David and I visited downtown Santa Fe, called “The City Different”, in October of 2017 with our New Mexico RVing friends, Glenn and Marsha. We saw the Georgia O’Keeffe Museum then but, unfortunately, some of the museums were closed due to renovations at that time and we were not able to visit them. Since we were only about an hour from Santa Fe in Abiquiú, we decided to make another trip to the city of Santa Fe and stay for a few days.
There are many, many museums in Santa Fe; some are downtown and some are on Museum Hill. The Museum Hill complex is in the city but is not in the center of the city. There are four museums (the Museum of International Folk Art, the Museum of Indian Arts and Culture, the Wheelwright Museum of the American Indian, and the Museum of Spanish Colonial Art) and the Santa Fe Botanical Gardens. We decided to check out the Museum of International Folk Art since it has over 130,000 pieces from over 100 countries. This museum has the largest folk art collection in the world.
Alexander Girard was a famous fabric designer and interior architect. He traveled all over the world working on different projects. The folk art that he saw in other countries intrigued him and he began collecting pieces starting in the 1930s. He continued collecting objects throughout his lifetime. In 1953, Girard, his wife Susan, and their two children relocated to Santa Fe. That was the same year that the Museum of International Folk Art opened. In 1979, Girard decided to donate over 100,000 pieces (toys, miniatures, textiles, and more) to the museum. This donation increased the museum’s collection exponentially.
The Girard Wing now displays about 10,000 of the 100,000 pieces in an exhibit called Multiple Visions: A Common Bond.
The Museum’s other wings also have some fascinating exhibits. The Bartlett Wing highlights traditional pottery from all over the world. Many of the ceramics are exquisite.
The Neutrogena Wing displays textiles that are beautifully designed.
The Museum also endeavors to bring artists from different countries to Santa Fe for short periods of time. During their visits, the artist share ideas and create artwork collaboratively. Their art work is displayed in another wing of the Museum.
In addition to the exhibits, there is a café, a children’s play area, educations spaces, a gift shop, and a library. Truly, there is something for everyone to enjoy at the Museum of International Folk Art.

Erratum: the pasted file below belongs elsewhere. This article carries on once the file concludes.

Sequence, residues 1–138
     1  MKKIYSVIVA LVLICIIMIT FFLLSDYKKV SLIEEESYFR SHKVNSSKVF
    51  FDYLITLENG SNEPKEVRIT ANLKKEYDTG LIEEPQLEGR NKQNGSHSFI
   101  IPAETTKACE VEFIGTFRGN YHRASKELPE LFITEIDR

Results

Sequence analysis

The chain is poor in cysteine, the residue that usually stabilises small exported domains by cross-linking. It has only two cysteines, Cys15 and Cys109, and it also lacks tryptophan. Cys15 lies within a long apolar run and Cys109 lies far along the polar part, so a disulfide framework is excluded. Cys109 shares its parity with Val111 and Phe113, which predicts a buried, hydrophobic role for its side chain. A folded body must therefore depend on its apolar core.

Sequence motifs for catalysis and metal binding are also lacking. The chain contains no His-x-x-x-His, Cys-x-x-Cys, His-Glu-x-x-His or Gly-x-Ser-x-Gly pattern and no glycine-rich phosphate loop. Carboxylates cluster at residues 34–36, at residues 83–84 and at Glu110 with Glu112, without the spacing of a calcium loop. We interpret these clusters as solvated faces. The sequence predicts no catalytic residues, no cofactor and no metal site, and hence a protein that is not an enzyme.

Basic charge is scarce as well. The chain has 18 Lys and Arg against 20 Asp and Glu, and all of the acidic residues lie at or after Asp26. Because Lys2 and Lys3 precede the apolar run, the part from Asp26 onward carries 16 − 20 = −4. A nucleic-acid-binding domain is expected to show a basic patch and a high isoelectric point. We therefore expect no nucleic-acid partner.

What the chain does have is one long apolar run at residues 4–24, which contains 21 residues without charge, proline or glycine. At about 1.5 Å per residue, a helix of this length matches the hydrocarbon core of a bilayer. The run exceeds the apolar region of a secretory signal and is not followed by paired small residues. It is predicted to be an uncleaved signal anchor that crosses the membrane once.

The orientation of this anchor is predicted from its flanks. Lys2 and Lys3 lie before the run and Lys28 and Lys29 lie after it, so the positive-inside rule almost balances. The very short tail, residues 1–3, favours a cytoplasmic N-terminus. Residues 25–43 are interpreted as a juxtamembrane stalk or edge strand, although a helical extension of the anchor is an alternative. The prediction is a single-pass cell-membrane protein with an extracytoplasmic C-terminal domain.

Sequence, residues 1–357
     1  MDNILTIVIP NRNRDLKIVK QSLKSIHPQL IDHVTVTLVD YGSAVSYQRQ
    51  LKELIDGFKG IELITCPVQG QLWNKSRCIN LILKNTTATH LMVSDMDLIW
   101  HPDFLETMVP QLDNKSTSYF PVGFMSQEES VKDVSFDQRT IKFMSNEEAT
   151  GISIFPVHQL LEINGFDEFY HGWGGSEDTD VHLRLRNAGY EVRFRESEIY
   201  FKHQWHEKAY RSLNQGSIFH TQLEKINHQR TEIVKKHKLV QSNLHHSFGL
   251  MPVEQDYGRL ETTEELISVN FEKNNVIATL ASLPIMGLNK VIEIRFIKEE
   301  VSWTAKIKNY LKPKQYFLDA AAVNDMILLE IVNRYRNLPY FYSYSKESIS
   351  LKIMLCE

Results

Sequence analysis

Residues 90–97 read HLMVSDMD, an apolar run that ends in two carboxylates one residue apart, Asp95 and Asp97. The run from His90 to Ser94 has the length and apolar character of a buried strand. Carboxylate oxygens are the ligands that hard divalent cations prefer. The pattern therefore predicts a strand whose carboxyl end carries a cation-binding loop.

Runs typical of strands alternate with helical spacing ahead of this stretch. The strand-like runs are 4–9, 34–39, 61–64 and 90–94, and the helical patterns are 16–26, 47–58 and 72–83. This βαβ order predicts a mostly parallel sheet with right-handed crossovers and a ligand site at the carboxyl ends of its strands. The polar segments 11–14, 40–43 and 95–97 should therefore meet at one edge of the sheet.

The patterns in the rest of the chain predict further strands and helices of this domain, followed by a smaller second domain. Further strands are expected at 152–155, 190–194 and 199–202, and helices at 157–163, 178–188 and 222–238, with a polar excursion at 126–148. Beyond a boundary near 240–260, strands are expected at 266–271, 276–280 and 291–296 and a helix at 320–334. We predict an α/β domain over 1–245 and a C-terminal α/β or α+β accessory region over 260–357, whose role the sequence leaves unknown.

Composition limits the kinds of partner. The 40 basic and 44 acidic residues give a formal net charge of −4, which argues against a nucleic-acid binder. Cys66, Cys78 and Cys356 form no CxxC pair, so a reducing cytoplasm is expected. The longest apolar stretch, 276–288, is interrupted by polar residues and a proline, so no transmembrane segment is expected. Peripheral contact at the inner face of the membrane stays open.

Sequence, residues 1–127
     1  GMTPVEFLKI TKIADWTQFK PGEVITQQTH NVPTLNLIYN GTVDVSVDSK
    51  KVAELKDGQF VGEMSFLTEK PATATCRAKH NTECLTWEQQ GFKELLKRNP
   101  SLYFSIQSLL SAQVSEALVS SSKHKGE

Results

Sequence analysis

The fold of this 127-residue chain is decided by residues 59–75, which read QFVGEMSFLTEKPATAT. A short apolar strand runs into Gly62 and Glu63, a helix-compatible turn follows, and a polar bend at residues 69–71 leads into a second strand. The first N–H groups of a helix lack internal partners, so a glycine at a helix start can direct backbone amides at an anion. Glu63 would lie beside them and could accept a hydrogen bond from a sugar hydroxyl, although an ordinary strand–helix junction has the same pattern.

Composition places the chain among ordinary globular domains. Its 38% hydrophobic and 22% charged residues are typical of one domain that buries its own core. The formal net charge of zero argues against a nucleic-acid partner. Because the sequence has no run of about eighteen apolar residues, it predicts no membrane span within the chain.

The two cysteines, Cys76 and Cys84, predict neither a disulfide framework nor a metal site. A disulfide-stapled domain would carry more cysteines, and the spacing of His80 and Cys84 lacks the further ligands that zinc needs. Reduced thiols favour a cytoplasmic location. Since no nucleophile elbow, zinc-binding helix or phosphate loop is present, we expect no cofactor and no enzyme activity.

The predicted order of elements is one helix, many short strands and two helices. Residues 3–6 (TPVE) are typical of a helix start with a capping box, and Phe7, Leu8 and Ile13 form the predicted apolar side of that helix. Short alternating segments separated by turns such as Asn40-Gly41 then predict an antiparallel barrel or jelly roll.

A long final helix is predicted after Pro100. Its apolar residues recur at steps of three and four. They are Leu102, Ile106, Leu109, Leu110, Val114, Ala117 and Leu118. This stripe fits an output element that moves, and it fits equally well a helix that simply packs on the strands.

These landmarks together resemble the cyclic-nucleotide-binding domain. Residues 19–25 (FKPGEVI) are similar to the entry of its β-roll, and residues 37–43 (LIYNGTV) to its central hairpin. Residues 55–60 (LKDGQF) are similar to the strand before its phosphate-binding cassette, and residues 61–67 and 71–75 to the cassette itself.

After touring the Museum, we headed to downtown Santa Fe. There is a free shuttle bus that stops at Museum Hill and it will take you to the city’s main plaza. There is another bus that you can take as well for a small fee, the M bus. Parking is difficult to find and expensive when you do so we opted to take the bus and leave the Silver Fox, our truck, parked at the Museum complex.
The bus dropped us off near the New Mexico Museum of Art, another place that we wanted to see. After a delicious lunch on the patio at The Shed, we returned to the Art Museum. The Museum is in a Spanish Colonial style building with a lovely central courtyard. Along the interior walls surrounding the courtyard are a series of murals and in the center is a large water feature. The exhibits are on the first and second floors. Among the Museum’s collection are works by Thomas Moran, Georgia O’Keeffe, and Ansel Adams. They also have many sculptures and an outside sculpture garden for larger installments. We had a great time New Mexico Museum of Art. We were glad we got to see more of it this time.
The Museum of Art is adjacent to the Santa Fe Plaza. This focal point of the city is a pedestrian area that bustles with vendors in the porticos of the buildings that surround the plaza. There are many shops, restaurants, churches, and other interesting stops within walking distance of the square.
On Saturday morning, we went to the Farmers Market. Located along side the railroad tracks, in an art district called Santa Fe Railyard. The Market has an area with fresh produce and food, plus in another area nearby, there are many artists who display and sell their artwork. Also, there were several entertainers present who kept things lively. The market was a very busy place. We purchased some gifts and some fresh produce for the week.
To celebrate Father’s Day, we went to eat at Tomasita’s Restaurant near downtown Santa Fe one night. Since it was our New Mexico friends favorite eatery, we had to try it. It really was delicious and the portions were enormous. Thanks Glenn and Marsha for this great suggestion!
After two weeks in the more remote area of Abiquiu, we needed to stock up on supplies for the next few weeks. We also decided to get new tires for the Bighorn after all the miles we have driven in the last two years including our trip to Alaska. We boondocked the entire time we were in Santa Fe so we got to try out a couple of improvements David had made to our solar setup. Perhaps the most important, Amazon has a shipping locker in Santa Fe so we could get some items that we needed.
Santa Fe is a great place to visit and at 7,200 feet the weather was nice and mild. Although we were there for a week, we still did not get to see and do all of the things that this historic capital has to offer. We might just have to make another trip to “The City Different.”